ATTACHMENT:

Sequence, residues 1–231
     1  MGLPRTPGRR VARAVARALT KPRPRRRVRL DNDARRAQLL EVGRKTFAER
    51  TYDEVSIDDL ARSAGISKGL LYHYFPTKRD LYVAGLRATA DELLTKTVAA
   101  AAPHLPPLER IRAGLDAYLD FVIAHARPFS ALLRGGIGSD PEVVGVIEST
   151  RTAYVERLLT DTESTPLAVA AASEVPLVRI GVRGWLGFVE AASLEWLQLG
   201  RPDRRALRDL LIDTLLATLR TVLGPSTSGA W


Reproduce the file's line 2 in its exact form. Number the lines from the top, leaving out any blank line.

     1  MGLPRTPGRR VARAVARALT KPRPRRRVRL DNDARRAQLL EVGRKTFAER